FormaK: Python Code Generation - Building


Parent Design: designs/


FormaK aims to combine symbolic modeling for fast, efficient system modelling with code generation to create performant code that is easy to use.

The values (in order) are:

  • Easy to use
  • Performant

The Five Key Elements the library provides to achieve this (see parent) are:

  1. Python Interface to define models
  2. Python implementation of the model and supporting tooling
  3. Integration to scikit-learn to leverage the model selection and parameter tuning functions
  4. C++ and Python to C++ interoperability for performance
  5. C++ interfaces to support a variety of model uses

This design provides the initial implementation of second of the Five Keys "Python implementation of the model and supporting tooling". This design also prepares for the third of the 5 Keys: "Integration to scikit-learn to leverage the model selection and parameter tuning functions". At this stage it is helpful to inform the design of the tooling so that it won't have any big hurdles to the next steps in the design.

Solution Approach

The basic step for this feature is translating from Sympy to Python (without a sympy dependency). Sympy provides this functionality already, so getting the basics working wasn't too hard. The follow on work to refactor will be important in order to make sure that the library remains easy to use.

The key classes involved are:

  • ui.Model: User interface class encapsulating the information required to define the model
  • py.Model: (new) Class encapsulating the model for running a model efficiently in Python code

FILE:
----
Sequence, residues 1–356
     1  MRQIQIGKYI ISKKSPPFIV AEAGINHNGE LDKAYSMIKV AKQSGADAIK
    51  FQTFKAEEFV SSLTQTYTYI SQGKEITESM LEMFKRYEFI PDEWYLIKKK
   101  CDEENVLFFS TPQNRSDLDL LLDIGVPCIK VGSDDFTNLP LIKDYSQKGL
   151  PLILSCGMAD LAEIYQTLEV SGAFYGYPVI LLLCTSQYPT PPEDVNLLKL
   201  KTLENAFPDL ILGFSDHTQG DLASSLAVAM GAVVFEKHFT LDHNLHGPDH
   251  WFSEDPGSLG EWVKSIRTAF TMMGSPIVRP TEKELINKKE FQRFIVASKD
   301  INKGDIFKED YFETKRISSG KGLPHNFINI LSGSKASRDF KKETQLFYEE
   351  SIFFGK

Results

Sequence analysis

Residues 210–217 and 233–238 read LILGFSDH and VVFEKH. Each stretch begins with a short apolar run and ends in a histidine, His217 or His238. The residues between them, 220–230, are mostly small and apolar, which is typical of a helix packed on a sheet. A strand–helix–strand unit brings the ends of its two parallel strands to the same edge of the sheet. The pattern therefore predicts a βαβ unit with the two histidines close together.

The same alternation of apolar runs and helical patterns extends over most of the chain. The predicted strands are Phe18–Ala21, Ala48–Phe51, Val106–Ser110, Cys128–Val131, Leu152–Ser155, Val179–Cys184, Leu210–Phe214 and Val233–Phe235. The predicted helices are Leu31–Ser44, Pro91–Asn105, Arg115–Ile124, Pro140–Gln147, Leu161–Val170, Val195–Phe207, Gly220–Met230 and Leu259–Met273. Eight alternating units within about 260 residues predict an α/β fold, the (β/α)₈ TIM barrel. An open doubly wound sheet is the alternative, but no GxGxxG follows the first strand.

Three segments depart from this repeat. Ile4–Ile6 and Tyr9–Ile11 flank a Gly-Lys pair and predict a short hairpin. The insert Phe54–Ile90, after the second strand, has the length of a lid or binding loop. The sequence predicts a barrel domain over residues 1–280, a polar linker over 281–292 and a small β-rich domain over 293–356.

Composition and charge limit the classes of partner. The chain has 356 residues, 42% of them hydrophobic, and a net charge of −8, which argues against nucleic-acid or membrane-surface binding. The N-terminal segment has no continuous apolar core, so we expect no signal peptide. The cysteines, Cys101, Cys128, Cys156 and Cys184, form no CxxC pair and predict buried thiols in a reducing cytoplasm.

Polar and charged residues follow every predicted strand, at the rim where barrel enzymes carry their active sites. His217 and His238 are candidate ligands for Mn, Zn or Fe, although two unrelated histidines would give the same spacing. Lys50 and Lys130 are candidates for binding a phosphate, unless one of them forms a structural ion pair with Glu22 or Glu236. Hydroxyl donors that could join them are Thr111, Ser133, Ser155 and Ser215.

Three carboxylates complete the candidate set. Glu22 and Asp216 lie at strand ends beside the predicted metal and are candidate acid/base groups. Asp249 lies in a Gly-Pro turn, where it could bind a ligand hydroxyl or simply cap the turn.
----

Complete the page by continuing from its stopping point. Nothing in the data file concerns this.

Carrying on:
Along with the py.Model encapsulation, the code generation tooling provides an Extended Kalman Filter implementation to quantify variance (based on best fit of a Kalman Filter to data) and outliers (innovation as a function of variance). This part of the design is more focused on being used with the coming scikit-learn integration.

The key classes involved are:

  • py.Model: (new) Class encapsulating the model for running a model efficiently in Python code
  • py.ExtendedKalmanFilter: (new)
    • Looking ahead to model fitting, characterize model quality, data variance by fitting an EKF
    • Constructor accepts state type, state to state process model (as a ui.Model), process noise, sensor types, state to sensor sensor models and sensor noise
    • Process Model Function: take in current state, current variance, dt/update time. Return new state, new variance
    • Sensor Model Function: take in current state, current variance, sensor id, sensor reading

These two classes will likely share a lot under the hood because they both want to run Python efficiently; however, they'll remain independent classes to start for a separation of concerns. The EKF class at this point is more aimed to using it under the hood of the scikit-learn stuff whereas the py.Model class is aimed at the Formak User (easy to use first, performant second).

The Cherry On Top - Transparent Compilation

In addition to merely repackaging the model defined in the ui.Model, this design integrates with Python compiler tooling (Numba) to write Python in the py.Model class, but JIT compile high use model functions.

This has some trade-offs (increased implementation complexity, increased startup time), but should likely also have some performance benefits especially for longer-running analysis use cases (e.g. running with a long sequence of data). Numba was selected because it could easily be adapted to work with the generated code, whereas some other compilers (for example Cython) require code annotation or other changes that would be more involved than I wanted to pursue at this stage.


  • In the spirit of don't pay for what you don't use, the compiler option motivated the creation of a common configuration pattern. We want to be able to (at conversion time) selectively enable or disable the compilation. Continuing to put thought into a common configuration pattern will make it easier to reuse in future designs (e.g. selecting configuration about other model optimizations)